In silence ever shalt thou lie,
Adieu, Adieu, all’s vanity.
Then straight I ‘gin [again] my heart to chide,
And did thy wealth on earth abide?
Didst fix thy hope on mould’ring dust?
The arm of flesh didst make thy trust?
Raise up thy thoughts above the sky
That dunghill mists away may fly.
Thou hast a house on high erect
Frameed by that mighty Architect,
With glory richly furnished,
Stands permanent though this be fled.
It‘s purchased and paid for too
By Him who hath enough to do.
A price so vast as is unknown,
Yet by His gift is made thine own;
There‘s wealth enough, I need no more,
Farewell, my pelf [money], farewell, my store [possessions].
The world no longer let me love,
My hope and treasure lies above.
Source: The Columbia Anthology of American Poetry (Columbia University Press, 1995)

Squeaks, Creaks, and Clicks and Other Unusual Sounds

The view from my desk looks out onto the deck and across our back yard. I love the natural light, the birds, the trees–even all the fallen leaves like reminders of blessings at this time of year. Today, I was happily typing along on another project (an inexorable book submission proposal) and I kept hearing the oddest clicking sound.

Does your house make funny sounds? Our house is an older one, so funny sounds do echo about now and then. Certain floorboards creak an achy “Hello” when I walk over them. One light switch in particular makes a loud, grouchy CLAP when I switch it on like it would much rather continue sleeping in darkness. Even our newer washer and dryer call out their own version of a Revolutionary War song each time a cycle ends. It’s a rollicking time!

But this was a new sound. Of course, at first I thought it was a drip in the sink. Nothing stirring there–not even a soap bubble. Was our family’s furry friend chewing on squeaky toy or a crinkly Hershey bar wrapper? No, he was dozing in the sun on the hall rug.

Still the clicking continued–and so the plot thickened.

Into the kitchen, I went. Yes, I’d completely turned off the gas on the stove after heating my lunch. (It was vegetable soup–wish you could’ve joined me!) The clock on the shelf was quietly ticking, definitely not clicking.

I headed back to my little desk, flustered and out-of-ideas, and sat down in the chair. My eyes drifted out across the narrow deck, to the ivy,

AND THERE HE WAS!  (And then he wasn’t.)

img_3248The cutest little chipmunk ever. (Aren’t they really all cute and little!) I’m afraid you’ll have to imagine the little imp, just to the right of the fern, nestled in the leaves, and looking straight at me, for he turned and dashed right into the ivy in a blink. Guess he had been carrying on an in-depth conversation and telling tales of the best nut storage spots and the latest news from the acorn beds–all with no one attentively listening. That’s rather sad really.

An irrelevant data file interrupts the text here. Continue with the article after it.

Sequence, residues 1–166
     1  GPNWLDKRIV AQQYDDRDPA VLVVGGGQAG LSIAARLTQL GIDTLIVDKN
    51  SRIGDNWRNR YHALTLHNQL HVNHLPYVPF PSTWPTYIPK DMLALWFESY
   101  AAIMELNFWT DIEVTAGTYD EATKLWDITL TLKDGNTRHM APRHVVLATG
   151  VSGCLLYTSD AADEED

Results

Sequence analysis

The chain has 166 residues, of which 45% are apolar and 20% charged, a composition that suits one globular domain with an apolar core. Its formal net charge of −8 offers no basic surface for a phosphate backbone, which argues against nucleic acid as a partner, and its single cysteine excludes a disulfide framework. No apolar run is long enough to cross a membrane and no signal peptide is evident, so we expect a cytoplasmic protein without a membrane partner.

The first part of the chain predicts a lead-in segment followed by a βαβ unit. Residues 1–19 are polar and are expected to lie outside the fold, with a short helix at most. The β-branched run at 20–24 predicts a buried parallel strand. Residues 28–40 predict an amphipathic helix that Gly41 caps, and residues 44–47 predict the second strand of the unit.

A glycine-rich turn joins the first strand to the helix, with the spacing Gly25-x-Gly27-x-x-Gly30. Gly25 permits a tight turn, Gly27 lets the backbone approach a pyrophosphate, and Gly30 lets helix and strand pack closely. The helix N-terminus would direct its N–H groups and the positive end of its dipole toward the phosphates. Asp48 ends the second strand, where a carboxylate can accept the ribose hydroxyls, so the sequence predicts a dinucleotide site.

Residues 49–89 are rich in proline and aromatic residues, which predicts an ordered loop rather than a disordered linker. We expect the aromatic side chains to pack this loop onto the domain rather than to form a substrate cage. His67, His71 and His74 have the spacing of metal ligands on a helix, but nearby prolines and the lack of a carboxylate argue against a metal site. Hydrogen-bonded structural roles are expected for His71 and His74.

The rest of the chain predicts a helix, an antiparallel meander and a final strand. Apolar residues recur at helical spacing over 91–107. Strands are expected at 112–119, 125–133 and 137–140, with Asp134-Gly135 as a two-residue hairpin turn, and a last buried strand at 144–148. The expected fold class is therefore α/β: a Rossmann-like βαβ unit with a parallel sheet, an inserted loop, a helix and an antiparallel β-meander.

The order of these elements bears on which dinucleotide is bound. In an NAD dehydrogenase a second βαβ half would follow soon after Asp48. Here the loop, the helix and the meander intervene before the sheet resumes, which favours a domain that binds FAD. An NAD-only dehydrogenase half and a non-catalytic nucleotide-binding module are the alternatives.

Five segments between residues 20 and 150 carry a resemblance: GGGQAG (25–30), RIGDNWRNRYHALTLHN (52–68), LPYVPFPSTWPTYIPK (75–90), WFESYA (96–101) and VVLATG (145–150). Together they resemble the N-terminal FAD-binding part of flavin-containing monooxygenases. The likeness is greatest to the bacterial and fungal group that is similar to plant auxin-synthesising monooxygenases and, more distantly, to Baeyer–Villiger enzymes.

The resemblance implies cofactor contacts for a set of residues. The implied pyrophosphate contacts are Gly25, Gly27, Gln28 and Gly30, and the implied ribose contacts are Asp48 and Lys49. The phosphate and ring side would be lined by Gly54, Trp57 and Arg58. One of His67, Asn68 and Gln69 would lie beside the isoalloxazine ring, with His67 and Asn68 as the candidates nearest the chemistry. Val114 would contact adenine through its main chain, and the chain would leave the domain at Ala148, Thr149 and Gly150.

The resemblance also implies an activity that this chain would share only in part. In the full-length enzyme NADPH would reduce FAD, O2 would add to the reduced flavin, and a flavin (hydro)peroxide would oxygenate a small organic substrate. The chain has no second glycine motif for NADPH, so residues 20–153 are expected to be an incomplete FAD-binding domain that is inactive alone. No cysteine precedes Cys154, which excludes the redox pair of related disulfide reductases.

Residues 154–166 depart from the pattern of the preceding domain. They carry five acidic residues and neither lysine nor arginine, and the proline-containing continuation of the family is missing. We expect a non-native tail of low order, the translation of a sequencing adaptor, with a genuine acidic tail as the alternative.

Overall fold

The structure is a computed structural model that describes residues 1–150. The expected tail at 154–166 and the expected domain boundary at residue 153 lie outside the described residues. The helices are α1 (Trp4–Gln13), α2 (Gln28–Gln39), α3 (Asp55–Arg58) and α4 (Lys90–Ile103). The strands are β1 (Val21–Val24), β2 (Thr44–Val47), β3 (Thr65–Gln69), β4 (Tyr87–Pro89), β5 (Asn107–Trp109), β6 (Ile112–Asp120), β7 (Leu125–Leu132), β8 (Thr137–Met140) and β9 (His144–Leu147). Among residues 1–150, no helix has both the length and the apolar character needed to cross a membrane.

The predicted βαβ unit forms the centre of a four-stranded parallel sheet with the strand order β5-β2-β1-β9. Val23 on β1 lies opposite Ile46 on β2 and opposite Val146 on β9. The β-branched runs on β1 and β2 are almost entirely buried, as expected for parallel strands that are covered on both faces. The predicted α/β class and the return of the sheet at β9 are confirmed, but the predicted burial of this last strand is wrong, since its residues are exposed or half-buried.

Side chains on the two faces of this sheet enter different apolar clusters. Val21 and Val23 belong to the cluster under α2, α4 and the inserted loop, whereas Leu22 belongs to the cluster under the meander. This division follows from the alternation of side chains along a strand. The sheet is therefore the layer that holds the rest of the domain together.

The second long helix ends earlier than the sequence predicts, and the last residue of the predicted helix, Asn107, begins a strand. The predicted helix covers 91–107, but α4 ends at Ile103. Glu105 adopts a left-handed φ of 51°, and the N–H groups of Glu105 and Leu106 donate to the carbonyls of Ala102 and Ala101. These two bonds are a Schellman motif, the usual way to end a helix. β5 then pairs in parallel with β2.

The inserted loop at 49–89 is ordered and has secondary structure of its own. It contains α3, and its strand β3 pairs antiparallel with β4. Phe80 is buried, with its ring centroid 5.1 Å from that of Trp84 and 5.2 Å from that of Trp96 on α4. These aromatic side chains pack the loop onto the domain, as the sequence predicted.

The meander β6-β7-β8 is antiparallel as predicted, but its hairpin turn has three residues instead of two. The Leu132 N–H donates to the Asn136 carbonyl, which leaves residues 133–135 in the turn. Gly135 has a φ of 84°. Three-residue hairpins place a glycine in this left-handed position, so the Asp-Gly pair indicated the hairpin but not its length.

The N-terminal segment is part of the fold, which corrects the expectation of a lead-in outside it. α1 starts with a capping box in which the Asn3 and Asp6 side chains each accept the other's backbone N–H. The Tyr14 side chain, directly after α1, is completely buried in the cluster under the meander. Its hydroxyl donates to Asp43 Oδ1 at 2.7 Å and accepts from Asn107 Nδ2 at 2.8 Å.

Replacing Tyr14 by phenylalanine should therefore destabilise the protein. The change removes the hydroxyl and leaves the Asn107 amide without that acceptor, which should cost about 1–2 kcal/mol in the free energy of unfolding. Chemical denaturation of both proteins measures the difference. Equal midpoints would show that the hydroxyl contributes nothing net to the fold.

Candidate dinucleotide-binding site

There’s a listening time that could be even sadder though–for each of us. There have been times I’ve missed “the still small voice” of God, as I busily made my own decisions, pursued my own designs. Ever found yourself in that same position?

Now I’m not equating God or Jesus with a chipmunk, even though the Maker did create them. It’s just that finally locating that click-happy, verbose chipmunk made my ears perk up.  It made me remember that sometimes I need to look and listen–

to REALLY LOOK–at God’s Word and

to REALLY LISTEN–to the words of Jesus Christ.

“Come to me…” (Matthew 11:28)

“Abide in me…” (John 15:4)

And that brings us to a beautiful promise: “…rest unto your souls.” Matthew 11:29)

I don’t know about you, but I could really use some rest for my soul!

Every concern. Every worry.

Every dream. Every desire.

Every minute. Every hour.

Every day. Every night.

Come to Jesus and receive His promise.

Abide in Him and know His rest, His peace.

Thank you, Lord!

(And thank you also, Lord, for intriguing sounds and bashful chipmunks that bring out thoughts back to You.)

God, Slow Me Down!

Have you heard the song “A Future Not My Own” by Matt Maher? He is a favorite Christian musician of mine and the song is on his Saints and Sinners album. In the song, Maher asks God to slow him down, pleads with God to chase his heart of stone, describes love as “a long and narrow road,” and concedes that we see only the beginning, but God sees the end. Then he goes on to cry what we all echo–the need “for a future not my own.” You can click on the song title to hear the actual song in another window: “A Future Not My Own”

I listened to that cd yesterday and, again, today.

As it turned out, yesterday I needed a little slowing down myself. My husband and I were on-the-go from morning through evening, happily running errands and doing various acts of service. It was exhilarating–until it came time to sit still in a class that evening. God slowed me down! Then I realized, “I’m exhausted!” That class was a sweet peace and, overall, it was a full and rich gift of a day.

This morning, the thoughts in that song fit in beautifully with my Bible study. Several dear sisters in Christ and I are doing the Beth Moore Entrusted study on 2nd Timothy. It’s a blessing. In this morning’s study, we were instructed to read a passage in 1st Timothy. 1st Timothy 1:5, to be exact. (I don’t think I’d ever soaked in that single verse before, scurrying on instead to verse 12 and beyond. Here it is from the ESV:

 The aim of our charge is love that issues from a pure heart and a good conscience and a sincere faith.

So, over and over from yesterday through today, from a cd selection to errands and activities to my Bible study, I was hearing about love.